LIFE IS GOOD (released July 2012), the most recent album by Nas, was his third consecutive Def Jam album to debut at #1 on the Billboard 200 albums chart.  It followed the releases of the RIAA platinum, Grammy®-nominated Hip-Hop Is Dead (December 2006), and the RIAA gold, Grammy®-nominated untitled album (July 2008).

The first full-length album by poet and rhyme-master Nas arrived in 1994, the RIAA platinum Illmatic (Columbia Records).  1996 brought the breakthrough double-platinum It Was Written (#1 R&B for 7 weeks, #1 pop for 4 weeks).  The streak continued with the double-platinum I Am in 1999 (again #1 pop and #1 R&B).  Subsequent albums by Nas included: the RIAA platinum Nastradamus (1999, #2 R&B, #7 pop); the platinum Stillmatic (2001, #1 R&B, #5 pop); the platinum God's Son (2002, #1 R&B); and the platinum double-CD Street's Disciple (2004, #2 R&B, #5 pop).

In addition to his successful career in music, Nas has pursued a career in motion pictures that began with his co-starring role (alongside DMX) in 1998's crime drama Belly, a film by director Hype Williams (with whom Nas has done several music videos).  Subsequent appearances include Albert Pyun's action crime thriller Ticker (2001, with Tim Sizemore and Steven Seagal); Carl Seaton's Sacred Is the Flesh (2001, also co-written by Nas); a cameo as himself in Boaz Yakin's comedy Uptown Girls (2003, with Brittany Murphy and Dakota Fanning); Lawrence Page's Murda Muzik (2004, with Ron Artest and Chinky); the fictional hip-hop group bio-pic The Vapors (2008, with an all-star cast of Roxanne Shanté, Kool G Rap, Marley Marl, Biz Markie, and others); and the CBS tv hit series, Hawaii Five-O.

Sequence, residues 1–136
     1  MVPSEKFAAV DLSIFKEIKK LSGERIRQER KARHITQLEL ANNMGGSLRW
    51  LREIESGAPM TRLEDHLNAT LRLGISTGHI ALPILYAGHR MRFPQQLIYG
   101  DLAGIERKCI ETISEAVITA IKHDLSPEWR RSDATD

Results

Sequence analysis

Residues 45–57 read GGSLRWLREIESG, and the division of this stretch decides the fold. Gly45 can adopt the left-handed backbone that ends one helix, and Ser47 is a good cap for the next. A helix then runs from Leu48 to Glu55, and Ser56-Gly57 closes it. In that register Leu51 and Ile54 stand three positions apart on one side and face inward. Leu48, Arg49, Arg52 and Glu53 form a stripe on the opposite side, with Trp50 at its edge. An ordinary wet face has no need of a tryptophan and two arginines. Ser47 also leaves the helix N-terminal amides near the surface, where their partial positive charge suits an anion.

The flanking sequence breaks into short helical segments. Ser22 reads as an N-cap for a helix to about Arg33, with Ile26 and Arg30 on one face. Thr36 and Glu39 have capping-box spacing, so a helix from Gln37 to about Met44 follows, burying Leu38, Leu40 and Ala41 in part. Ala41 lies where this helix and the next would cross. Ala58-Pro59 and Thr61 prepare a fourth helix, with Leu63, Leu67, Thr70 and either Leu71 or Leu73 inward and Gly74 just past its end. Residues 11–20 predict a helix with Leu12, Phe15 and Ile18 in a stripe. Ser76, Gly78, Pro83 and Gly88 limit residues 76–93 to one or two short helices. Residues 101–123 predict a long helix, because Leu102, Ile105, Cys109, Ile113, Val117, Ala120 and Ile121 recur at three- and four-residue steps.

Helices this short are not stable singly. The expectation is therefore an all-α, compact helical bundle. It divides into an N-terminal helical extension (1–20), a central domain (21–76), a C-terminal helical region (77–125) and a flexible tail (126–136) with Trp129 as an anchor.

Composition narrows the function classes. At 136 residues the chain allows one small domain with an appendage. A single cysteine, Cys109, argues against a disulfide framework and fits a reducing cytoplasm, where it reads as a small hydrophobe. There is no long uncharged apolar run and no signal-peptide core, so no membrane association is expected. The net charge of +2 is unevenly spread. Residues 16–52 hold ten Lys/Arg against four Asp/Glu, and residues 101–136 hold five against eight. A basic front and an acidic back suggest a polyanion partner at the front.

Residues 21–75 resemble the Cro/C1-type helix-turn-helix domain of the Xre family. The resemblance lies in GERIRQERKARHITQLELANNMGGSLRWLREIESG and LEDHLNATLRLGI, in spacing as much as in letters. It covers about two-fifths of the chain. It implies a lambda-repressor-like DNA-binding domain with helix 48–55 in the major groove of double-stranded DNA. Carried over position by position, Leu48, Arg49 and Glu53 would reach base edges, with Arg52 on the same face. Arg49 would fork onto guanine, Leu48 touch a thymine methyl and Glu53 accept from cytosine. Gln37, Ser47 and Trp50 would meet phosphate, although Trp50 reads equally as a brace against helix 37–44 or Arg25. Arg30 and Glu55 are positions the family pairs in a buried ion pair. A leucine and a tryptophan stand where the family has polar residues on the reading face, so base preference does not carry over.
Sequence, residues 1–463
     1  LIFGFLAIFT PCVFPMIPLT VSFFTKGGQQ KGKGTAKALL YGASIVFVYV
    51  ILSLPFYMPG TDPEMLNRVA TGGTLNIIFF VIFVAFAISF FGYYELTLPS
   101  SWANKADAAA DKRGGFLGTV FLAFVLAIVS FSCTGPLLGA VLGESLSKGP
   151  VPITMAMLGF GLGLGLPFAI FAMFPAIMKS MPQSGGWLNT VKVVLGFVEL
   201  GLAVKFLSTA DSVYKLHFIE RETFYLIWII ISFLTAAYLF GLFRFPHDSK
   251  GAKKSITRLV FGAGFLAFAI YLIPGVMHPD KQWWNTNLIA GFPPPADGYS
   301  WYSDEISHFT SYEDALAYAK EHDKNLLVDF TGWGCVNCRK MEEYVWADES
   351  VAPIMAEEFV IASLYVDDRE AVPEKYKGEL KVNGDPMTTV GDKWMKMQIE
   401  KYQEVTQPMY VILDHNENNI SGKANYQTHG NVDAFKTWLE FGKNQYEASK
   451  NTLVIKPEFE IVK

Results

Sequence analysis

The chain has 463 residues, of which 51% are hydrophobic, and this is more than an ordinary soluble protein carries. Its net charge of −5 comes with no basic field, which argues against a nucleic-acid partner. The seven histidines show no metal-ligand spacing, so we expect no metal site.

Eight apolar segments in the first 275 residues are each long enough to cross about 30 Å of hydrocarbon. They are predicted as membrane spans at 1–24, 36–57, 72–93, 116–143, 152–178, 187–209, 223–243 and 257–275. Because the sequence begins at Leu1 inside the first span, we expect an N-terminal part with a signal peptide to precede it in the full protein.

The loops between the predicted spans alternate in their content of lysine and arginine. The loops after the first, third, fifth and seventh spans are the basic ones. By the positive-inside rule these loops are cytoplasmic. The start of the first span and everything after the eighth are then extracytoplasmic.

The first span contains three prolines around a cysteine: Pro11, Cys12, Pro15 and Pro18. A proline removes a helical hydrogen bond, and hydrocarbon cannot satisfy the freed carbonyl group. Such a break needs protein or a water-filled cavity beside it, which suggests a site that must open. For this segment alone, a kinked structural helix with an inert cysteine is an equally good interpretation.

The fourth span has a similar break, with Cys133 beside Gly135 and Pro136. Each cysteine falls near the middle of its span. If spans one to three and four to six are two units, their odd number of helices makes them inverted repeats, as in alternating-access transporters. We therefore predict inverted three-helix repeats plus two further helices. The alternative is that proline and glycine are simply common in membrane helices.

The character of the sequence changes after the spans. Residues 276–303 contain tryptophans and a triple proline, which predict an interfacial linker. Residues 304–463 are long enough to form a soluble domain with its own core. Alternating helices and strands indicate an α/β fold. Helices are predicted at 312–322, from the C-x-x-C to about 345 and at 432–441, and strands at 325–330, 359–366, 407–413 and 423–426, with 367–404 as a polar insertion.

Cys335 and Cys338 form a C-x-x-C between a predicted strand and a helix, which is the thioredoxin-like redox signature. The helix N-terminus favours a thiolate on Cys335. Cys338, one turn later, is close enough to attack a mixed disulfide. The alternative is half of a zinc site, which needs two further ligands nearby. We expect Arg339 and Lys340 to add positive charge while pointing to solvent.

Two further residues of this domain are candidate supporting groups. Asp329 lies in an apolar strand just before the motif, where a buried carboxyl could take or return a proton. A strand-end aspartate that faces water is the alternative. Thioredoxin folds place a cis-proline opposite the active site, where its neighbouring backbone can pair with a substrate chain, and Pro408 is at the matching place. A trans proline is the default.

The Hiphop Archive & Research Institute was officially established at Harvard University in 2002 under the direction of Professor Marcyliena Morgan to support and establish the emerging research and scholarship devoted to the knowledge, art, culture, materials, organizations, movements and institutions developed by those who support and follow hiphop. The Hiphop Archive & Research Institute organizes and develops collections, initiates and participates in research activities, sponsors events and acquires material culture associated with hiphop in the U.S. and throughout the world.

Named after William Edward Burghardt Du Bois who, in 1895, was the first African American to receive a Ph.D. from Harvard University, the W. E. B. Du Bois Institue for African & African American Research is the nation's oldest research center dedicated to the study of the history and culture of Africans and African Americans. The Institute was established in 1975 to sponsor fellowships that would facilitate the writing of doctoral dissertations in areas related to Afro-American Studies. In 2013, the W. E. B. Du Bois Research Institute became part of the Hutchins Center for African & African American Research. Today, the Institute awards up to twenty fellowships annually to scholars at various stages of their careers in the fields of African and African American Studies, broadly defined to cover the expanse of the African Diaspora. The Hutchins Center's research projects and visiting fellows form the nucleus around which revolve an array of lecture series, art exhibitions, readings, conferences, and archival and publication projects.